On September 29, 2020, Governor Newsom passed AB 2568. This extends protections that previously excluded domestic workers by not considering them an “employee,” to now include them.
What are the details?
This bill, for purposes of the hazard provisions, defines the term “employee” to include a domestic work employee, except for a person who performs household domestic service that is publicly funded, including publicly funded household domestic service provided to a recipient, client, or beneficiary with a share of cost in that service. AB 2568 makes it a crime for a person, after receiving notice to evacuate or leave, to willfully and knowingly direct an employee to remain in, or enter, an area closed under prescribed provisions of law due to a menace to the public health or safety, including an employee employed for household domestic work, except as specified. For these purposes, the bill states that the
term “employee” includes a person who performs household domestic service that is publicly funded. Additionally, the bill makes it illegal for an employer to fire a domestic worker for refusing to work in a violation of an occupational health in safety law that creates a “real and apparent” hazard to the employee or to fellow employees.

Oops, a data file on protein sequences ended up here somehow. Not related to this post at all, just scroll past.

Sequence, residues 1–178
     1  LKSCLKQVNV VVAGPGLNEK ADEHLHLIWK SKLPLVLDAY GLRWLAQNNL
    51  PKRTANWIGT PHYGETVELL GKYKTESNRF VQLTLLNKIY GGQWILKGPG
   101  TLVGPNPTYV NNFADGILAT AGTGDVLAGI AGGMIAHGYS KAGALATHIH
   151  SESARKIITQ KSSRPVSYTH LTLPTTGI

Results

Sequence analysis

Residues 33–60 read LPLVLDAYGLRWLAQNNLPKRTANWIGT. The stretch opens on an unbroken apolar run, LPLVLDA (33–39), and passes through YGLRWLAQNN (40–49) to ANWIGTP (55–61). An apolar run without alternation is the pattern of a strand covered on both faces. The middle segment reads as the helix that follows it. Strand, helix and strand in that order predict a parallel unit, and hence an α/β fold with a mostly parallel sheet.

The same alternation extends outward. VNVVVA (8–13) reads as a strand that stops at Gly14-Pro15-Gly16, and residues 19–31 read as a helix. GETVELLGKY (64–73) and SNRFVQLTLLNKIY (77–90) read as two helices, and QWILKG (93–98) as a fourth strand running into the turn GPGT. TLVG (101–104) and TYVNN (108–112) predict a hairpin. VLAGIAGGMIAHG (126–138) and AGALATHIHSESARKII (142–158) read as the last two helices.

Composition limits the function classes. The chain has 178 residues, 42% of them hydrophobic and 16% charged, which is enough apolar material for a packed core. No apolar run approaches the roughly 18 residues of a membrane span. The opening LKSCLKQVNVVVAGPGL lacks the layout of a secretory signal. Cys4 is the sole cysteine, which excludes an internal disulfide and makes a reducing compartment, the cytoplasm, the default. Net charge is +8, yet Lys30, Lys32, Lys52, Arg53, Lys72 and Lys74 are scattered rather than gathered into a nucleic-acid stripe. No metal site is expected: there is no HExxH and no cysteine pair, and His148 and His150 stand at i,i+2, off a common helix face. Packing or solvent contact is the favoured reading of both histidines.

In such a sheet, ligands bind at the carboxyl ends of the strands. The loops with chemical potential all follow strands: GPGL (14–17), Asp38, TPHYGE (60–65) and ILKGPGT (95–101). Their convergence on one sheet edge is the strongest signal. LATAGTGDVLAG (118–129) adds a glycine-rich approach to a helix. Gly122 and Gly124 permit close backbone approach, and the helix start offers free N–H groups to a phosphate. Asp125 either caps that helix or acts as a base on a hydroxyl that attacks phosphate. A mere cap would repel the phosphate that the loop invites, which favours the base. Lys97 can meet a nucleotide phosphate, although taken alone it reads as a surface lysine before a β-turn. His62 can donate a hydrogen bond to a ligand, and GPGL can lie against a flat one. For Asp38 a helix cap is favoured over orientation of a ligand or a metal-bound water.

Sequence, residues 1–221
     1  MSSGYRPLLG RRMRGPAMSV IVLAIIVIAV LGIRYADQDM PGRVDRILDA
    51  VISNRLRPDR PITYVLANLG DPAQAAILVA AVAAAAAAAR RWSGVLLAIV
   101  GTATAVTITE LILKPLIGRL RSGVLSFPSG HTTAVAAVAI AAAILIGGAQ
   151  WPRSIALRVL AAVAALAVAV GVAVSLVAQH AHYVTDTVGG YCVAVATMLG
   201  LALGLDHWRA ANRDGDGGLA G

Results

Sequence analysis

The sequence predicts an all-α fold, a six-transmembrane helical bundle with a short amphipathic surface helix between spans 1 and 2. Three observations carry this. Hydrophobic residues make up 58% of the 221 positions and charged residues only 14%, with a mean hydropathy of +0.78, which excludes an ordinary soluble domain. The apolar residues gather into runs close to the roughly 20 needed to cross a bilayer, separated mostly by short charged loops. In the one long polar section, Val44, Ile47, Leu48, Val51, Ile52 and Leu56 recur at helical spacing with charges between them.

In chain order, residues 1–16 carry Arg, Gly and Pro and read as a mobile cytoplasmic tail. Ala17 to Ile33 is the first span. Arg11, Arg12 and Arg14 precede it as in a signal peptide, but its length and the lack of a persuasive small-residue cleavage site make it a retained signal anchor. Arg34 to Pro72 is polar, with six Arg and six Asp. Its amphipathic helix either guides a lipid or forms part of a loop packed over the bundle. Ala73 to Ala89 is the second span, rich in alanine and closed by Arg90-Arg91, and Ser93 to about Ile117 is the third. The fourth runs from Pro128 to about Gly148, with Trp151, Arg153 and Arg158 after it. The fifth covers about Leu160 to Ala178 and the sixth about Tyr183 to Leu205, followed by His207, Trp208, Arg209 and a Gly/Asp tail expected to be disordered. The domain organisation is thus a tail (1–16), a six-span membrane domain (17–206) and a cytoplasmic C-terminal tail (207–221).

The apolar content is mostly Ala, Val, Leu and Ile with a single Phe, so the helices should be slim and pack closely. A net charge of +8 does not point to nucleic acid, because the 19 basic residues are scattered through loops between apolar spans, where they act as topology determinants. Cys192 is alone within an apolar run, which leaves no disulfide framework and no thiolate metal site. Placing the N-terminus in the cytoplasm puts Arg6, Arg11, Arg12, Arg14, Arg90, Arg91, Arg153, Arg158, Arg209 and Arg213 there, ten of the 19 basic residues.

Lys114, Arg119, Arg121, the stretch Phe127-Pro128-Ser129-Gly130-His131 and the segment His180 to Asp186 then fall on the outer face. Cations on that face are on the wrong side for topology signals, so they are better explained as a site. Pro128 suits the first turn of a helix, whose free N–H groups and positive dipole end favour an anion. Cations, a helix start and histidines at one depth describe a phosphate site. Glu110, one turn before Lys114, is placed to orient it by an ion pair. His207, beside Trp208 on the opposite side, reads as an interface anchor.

Finally, AB 2568 includes Labor Code section 6311.5, which prohibits employer from “willfully and knowingly” directing a domestic work employee to remain in or enter an area that poses a public health or safety concern. A violation of this Code will be considered a misdemeanor under California’s Penal Code.
The full text of AB 2568 can be found here.
An article summarizing the bill can be found here.
What do employers need to do?
Employers with domestic workers should provide training to managers and supervisors about the new restrictions placed on them regarding what they may require of domestic workers. Employers should pay special attention to the rights afforded by this bill and ensure that management is aware of them, in order to avoid violations.